Platform Analysis

AMD provided the press with a block diagram of the Renoir APU at the time of the launch of the Zen 2 APUs. These APUs are monolithic dies, and true SoCs with all I/Os being sourced from the APU without a platform controller hub in the picture.

The above layout needs to be studied in conjunction with the design of the 4X4 BOX-4800U's motherboard. The various I/Os of the system (as well as internal components) are enabled using the following configuration.

An idea of the distribution of the various PCIe lanes can be obtained from the above diagram:

  • PCIe 3.0 x4 and a SATA port multiplexed behind the M.2 SSD slot (PCI Express x8 Bus #4)
  • PCIe 3.0 x1 for the Intel Wi-Fi 6 AX200 160 MHz WLAN card (PCI Express x1 Bus #3)
  • PCIe 3.0 x1 for the Realtek RTL8125 Gaming 2.5GbE Ethernet Controller (PCI Express x1 Bus #1)
  • PCIe 3.0 x1 for the Realtek RTL8168/RTL8111 GbE Ethernet Controller (PCI Express x1 Bus #2)

Other aspects of interest include the distribution of various USB ports - particularly in terms of bandwidth sharing. For example, we expect ports 'B' and 'C' behind the same root hub to share bandwidth. Note that the PCI Express x16 Bus #5 includes the two USB 3.1 controllers as well as the integrated GPU. The two Type-C ports in the front panel also act as conduits for two display outputs from the latter.

In the remainder of this review, we will first look at BAPCo's SYSmark 25, followed by various UL benchmarks and miscellaneous workloads. We also present some gaming benchmarks. A detailed look at the HTPC credentials of the system is followed by testing of the power consumption and thermal solution.

Introduction BAPCo SYSmark 25
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  • damianrobertjones - Wednesday, November 25, 2020 - link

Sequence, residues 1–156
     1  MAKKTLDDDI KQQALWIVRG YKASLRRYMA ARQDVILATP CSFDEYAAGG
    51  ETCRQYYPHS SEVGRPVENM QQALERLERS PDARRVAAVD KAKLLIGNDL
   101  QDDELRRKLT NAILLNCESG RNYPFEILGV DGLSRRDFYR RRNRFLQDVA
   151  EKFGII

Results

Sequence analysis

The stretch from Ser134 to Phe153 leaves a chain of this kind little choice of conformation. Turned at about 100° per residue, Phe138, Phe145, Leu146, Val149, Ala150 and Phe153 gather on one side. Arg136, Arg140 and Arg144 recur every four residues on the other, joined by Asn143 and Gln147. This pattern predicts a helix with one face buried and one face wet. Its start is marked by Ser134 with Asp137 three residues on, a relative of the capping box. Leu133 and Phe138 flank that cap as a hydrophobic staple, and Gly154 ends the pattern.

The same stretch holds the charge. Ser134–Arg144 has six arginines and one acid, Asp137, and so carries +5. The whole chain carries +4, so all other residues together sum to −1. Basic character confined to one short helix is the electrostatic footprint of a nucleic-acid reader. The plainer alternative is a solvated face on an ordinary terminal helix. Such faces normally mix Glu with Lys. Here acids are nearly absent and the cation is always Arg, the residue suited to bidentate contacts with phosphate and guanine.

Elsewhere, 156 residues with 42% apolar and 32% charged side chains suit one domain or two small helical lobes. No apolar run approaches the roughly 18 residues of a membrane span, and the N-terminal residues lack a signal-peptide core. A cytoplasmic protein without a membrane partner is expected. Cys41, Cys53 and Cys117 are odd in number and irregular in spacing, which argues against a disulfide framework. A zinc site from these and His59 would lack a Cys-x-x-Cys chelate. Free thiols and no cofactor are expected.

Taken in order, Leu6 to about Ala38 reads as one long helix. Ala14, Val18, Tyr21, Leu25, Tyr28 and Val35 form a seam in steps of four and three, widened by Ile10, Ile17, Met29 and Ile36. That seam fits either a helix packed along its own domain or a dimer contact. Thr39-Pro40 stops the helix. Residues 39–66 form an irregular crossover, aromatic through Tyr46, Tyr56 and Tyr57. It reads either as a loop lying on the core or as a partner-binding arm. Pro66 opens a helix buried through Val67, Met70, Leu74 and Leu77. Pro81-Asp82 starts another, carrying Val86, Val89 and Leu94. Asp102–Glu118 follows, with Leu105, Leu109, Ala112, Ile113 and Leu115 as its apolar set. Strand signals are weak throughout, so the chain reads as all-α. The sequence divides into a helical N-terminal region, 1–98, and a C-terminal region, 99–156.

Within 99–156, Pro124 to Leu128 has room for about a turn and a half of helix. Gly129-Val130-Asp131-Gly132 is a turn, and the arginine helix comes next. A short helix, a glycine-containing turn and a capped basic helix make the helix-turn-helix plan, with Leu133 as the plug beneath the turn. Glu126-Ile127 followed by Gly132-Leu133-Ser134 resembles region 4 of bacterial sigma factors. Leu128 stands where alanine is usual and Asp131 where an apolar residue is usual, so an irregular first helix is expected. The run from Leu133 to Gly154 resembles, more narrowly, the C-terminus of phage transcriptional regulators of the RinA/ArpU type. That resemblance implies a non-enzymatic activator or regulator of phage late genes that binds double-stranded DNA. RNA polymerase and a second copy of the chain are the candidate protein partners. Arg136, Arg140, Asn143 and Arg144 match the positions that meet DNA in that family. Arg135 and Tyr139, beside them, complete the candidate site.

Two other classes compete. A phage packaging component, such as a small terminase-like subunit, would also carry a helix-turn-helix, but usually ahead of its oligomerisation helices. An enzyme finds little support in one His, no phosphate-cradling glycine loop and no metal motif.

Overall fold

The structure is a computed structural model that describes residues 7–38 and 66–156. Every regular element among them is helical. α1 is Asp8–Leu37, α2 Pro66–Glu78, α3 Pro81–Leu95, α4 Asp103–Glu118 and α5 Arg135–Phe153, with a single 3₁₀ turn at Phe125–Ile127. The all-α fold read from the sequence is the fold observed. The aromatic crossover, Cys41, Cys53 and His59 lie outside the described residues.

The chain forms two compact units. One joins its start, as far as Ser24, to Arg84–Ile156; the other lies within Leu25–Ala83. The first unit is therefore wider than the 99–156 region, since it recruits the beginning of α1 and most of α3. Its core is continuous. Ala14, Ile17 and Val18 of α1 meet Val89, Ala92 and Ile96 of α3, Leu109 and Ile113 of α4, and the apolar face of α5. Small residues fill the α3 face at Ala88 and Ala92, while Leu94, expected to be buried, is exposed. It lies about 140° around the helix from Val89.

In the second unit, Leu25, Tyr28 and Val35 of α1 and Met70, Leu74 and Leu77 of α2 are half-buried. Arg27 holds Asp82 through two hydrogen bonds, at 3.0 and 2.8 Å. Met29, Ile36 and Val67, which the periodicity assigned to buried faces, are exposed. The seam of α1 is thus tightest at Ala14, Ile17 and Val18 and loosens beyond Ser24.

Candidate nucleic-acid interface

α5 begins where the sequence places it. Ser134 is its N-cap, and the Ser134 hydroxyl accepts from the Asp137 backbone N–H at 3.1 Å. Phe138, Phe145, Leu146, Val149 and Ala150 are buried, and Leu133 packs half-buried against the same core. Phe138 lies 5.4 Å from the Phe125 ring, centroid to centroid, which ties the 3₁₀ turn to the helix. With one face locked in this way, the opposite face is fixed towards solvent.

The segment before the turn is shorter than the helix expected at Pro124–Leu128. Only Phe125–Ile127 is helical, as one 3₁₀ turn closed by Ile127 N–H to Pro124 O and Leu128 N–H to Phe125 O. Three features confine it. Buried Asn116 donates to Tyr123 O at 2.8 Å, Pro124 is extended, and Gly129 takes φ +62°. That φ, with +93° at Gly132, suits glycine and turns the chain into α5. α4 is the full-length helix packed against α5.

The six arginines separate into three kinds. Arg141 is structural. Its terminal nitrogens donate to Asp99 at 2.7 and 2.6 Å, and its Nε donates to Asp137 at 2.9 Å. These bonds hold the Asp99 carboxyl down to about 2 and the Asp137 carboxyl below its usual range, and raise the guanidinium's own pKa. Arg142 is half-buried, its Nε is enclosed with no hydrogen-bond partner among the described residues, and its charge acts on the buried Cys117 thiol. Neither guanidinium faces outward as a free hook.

Dangerous. People are not often the brightest and help lines would probably be called when owners try to plug in a crappy usb c charger. Reply
  • 1_rick - Thursday, November 26, 2020 - link

    If your GPU can detect you didn't plug in the PCIe power plugs and refuse to let the computer boot there's no reason they can't do the same here. Reply
  • damianrobertjones - Monday, November 30, 2020 - link

    People buy cheap chargers for phones. Nothing will change in this case. Reply
  • dontlistentome - Wednesday, November 25, 2020 - link

    ... Thunderbolt please. Can then power with it and have multiple 4K screens and peripherals hanging off 1 cable. Can then just swap the cable between this and my work PC when I work at home. Reply
  • timecop1818 - Wednesday, November 25, 2020 - link

    Alt mode HDMI is dead, there are literally zero devices which support or implement it. It only exists as a specification. There's very little point anyway because dp alt mode is superior in every way, such as being able to reduce lane count to share usb3hs. But with hdmi alt mode, you are using all 4 lanes just to transmit 1080p. Reply
  • SeanFL - Wednesday, November 25, 2020 - link

    Price is comparable to the Asus PN50 with the 4800U. Anyone have thoughts on which would be the one to buy?

    I've not been successful at finding the PN50 locally, Microcenter had a couple in stock then was sold out.
    Reply
  • eastcoast_pete - Wednesday, November 25, 2020 - link

    Thanks Ganesh! The overall performance is decent, the problems with HTPC use unfortunate. One other piece of information I might have missed: just how noisy does this unit get, and how annoying is the fan noise? I am asking as especially smaller fans can be a lot more annoying than the simple dB(A) numbers suggest. Having had a laptop with this "feature", I now always ask about that before even thinking of buying. Reply
  • smilingcrow - Wednesday, November 25, 2020 - link

    It seems a major omission for a system that was reviewed for HTPC features and might end up in the lounge. Reply
  • spikebike - Wednesday, November 25, 2020 - link

    Nice, been waiting for a decent NUC like product with an AMD CPU. This looks quite competitive, but seems like waiting until CES in January will be worth it. The Zen3 is a killer upgrade and might well mean it's worth keeping for another year or two. Reply
  • grant3 - Wednesday, November 25, 2020 - link

    Most hardware refreshes are annual, and you're willing to wait 2 years? With that mindset you'll never, ever buy anything because you know a better version will eventually arrive in that timeframe. Maybe 2 better versions. Reply

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